This book is a useful and interesting dive into what makes the 4% of humans with no conscience tick. Martha Stout is refreshingly gimlet-eyed over sociopaths, not sympathetic towards them, and focuses the book on how normal people of conscience can protect themselves from these people. She also includes some interesting perspectives about what in American culture might empower sociopaths where they could be muted in some non-Western cultures. Interesting and not overly long. Competent narrator.
A comprehensive, evidence-based case against the corrupt (and certainly violent and probably sociopathic) leader of Scientology. And a compassionate, empathetic look at the motivations of ordinary Scientologist. The author makes a well supported case that most Scientologists are good people following their religious beliefs. Many of them, especially those involved with Seaorg, are certainly exploited and probably abused. The founder, L. Ron Hubbard comes across as a sincere yet disturbed charlatan. The current leader, David Miscavage, has a dark and corrupt history full of and manipulation. control of the organization is troubling. It is also deeply troubling how many celebrities in Hollywood refuse to take a critical look at this organization.
The narration is competent and understandable but monotone in the extreme making the data heavy narrative sometimes slow going.
For people who don't have a strong science background, but do believe in evolution and natural selection - the next time some fan of Fox News tells you with great confidence that "Darwin's Theory of Evolution was just a theory. It hasn't been proven," you can whip this book out of your backpack and beat them with it.
Completely accessible, written with a strong narrative arc that keeps you turning pages, Weiner has created a compelling work of popular science. He summarizes, in layman's terms, some of the great field research projects that usually scientists only talk about to each other. Projects where natural selection, sexual selection and hybridization have been observed to change species within the span of human observation. That's right, folks, proof after proof of evolution in various ways - theory no longer.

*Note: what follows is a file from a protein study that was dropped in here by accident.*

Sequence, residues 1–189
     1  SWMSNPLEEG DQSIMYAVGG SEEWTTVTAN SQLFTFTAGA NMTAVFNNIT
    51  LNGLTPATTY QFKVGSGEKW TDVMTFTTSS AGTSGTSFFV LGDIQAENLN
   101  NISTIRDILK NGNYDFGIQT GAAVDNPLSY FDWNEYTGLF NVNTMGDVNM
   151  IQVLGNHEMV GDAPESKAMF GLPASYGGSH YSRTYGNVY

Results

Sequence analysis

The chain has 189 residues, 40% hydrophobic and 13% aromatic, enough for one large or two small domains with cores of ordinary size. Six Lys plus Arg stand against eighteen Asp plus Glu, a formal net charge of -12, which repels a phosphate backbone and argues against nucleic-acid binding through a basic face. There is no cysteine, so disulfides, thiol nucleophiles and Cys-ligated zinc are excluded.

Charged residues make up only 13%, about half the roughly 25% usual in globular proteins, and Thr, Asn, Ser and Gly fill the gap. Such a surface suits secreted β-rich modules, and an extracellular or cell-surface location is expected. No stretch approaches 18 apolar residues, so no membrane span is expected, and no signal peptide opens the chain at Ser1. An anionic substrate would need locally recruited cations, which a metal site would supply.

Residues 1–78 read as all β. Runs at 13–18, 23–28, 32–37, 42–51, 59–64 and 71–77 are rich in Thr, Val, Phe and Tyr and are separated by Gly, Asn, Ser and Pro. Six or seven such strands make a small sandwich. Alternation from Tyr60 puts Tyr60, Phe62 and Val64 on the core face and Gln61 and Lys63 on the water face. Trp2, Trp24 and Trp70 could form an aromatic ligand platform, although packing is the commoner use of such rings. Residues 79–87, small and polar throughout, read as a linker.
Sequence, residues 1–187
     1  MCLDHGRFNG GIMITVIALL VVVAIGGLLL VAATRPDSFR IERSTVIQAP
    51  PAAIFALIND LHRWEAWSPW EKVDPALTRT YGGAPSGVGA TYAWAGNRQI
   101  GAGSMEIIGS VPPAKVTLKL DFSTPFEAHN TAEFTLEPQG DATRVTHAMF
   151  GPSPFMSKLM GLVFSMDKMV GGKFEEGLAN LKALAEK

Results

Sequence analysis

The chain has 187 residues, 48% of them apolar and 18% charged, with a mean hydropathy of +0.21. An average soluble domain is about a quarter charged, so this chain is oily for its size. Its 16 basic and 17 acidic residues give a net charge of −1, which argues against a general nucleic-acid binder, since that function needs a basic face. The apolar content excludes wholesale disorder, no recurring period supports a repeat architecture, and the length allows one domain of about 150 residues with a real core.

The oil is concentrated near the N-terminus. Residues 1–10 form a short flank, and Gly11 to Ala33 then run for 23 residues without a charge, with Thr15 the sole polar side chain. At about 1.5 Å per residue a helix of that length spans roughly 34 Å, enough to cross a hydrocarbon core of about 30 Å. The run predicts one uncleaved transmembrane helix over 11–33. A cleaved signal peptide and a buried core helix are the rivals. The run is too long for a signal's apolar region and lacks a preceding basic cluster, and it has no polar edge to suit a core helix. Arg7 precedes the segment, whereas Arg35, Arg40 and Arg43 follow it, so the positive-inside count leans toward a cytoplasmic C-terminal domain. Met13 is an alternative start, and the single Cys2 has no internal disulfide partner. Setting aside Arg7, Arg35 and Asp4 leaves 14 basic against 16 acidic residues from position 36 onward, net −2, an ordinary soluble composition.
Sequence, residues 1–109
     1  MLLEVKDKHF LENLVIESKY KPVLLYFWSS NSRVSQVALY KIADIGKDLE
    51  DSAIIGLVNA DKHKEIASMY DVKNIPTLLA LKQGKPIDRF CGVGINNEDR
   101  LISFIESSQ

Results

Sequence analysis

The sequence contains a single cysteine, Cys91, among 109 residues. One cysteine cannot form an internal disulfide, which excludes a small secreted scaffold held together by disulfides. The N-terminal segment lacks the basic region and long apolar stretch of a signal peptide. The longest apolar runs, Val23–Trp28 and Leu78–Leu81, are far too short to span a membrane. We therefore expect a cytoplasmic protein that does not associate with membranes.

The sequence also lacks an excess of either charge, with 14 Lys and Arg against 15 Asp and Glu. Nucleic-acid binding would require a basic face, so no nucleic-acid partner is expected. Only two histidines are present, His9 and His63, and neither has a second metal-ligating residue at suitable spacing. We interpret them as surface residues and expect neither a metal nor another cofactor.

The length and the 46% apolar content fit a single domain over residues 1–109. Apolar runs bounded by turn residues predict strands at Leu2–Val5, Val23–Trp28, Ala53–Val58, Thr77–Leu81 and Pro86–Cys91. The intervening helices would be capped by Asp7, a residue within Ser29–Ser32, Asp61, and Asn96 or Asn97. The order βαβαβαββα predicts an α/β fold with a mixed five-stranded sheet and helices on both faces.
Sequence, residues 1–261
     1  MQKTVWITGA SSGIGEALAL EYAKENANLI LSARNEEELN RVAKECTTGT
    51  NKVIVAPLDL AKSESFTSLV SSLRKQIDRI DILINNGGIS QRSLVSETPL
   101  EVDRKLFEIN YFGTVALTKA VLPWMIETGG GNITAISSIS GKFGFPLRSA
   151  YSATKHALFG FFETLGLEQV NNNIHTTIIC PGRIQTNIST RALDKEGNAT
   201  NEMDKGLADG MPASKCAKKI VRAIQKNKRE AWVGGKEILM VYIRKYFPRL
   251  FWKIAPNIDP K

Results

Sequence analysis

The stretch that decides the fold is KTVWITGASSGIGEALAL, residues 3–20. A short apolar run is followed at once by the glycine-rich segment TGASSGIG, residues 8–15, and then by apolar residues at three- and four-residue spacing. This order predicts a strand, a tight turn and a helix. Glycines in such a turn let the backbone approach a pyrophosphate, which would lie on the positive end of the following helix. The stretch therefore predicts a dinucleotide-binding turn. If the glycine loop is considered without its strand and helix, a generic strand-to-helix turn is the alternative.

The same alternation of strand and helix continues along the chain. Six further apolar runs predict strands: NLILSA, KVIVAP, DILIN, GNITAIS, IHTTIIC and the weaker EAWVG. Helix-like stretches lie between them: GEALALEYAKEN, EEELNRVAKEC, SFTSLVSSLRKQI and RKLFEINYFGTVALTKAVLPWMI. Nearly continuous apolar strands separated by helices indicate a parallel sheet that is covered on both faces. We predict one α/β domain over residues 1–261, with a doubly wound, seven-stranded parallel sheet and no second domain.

Weiner then goes on to relate these proofs to other touchstones in our lives - drug-resistant viruses, catastrophic weather events.
This is a darn good read as well as being a sensible antidote to the anti-science wave of foolishness sweeping the U.S.
This book is dreadful. Which is tragic, because Amy Poehler is a comic genius. For years she was the cornerstone strongest cast member during SNL's heyday of strong women. Smart, fearless and physical - because she was talented and had honed her craft through a decade of improv training and work.
What is unfortunate about this book is that she has not honed her craft as a book author, so this book is a random string of chronological resume updates, lists of famous people she knows because they are "talented," or "kind," and occasionally funny observations that are far too brief. Highlights include the profane rants (I listened to the audio version by Amy), guest audio cameos by Patrick Stewart and Carol Burnett, and a very witty list of books divorced people would hypothetically write. These together are less than a few hundred words.
Low points include an apology to a disabled activist that drones/drags on and on and on in a weirdly self-congratulatory shame spiral, and expressing her admiration for Tina Fey by listing boring things that each start with a letter in her name. Poehler calls this "lazy writing," which is really a promotion. There was also an overly long list of episode briefs from Parks and Recreation which was excruciating.
I had to quit reading about 2/3 through - without the stage and the physical, exuberant performances for which she is deservedly famous, Poehler has no way to "show," only to "tell." People should not write a book unless they have a) something they are compelled to say (which Poehler does far better through performance) and b) are willing to spend time on the craft of book writing and c) have an editor that doesn't let them get away with this shit.
This is one clever author. King creates a claustrophobic, small world in the vast tropical miasma of New Guinea. Andrew Bangston, whose loneliness is almost a fourth character in itself; brilliant and driven Nell Stone; Nell's lout of a husband Fen - these anthropologists are really the only three characters as the rest are set pieces and background.
King does a great job capturing the arrogance and indeed racism of early 20th C anthropologists - you do wonder what their subjects thought when these frail people plopped themselves into a village that had been peacefully minding its own business. Each anthropologists' approach is shaped by their own demons and biases, and the relationship between the three is glued together by Bangston's desparate loneliness.
The ending snuck up on me, which I appreciated. King had a way of making the reader think the book was about one thing, when it was really about something else.
This is a beautiful book, and its audio version is very well-produced with excellent readers. An excellent narrative about the limits on upper-class white American women in the 19th century. Kidd portrays some of the challenges of female house slaves well, but overall I found their situation to be understated. The strange intimacy between a slave and her mistress, given their parallel lives since childhood, was handled with sensitivity.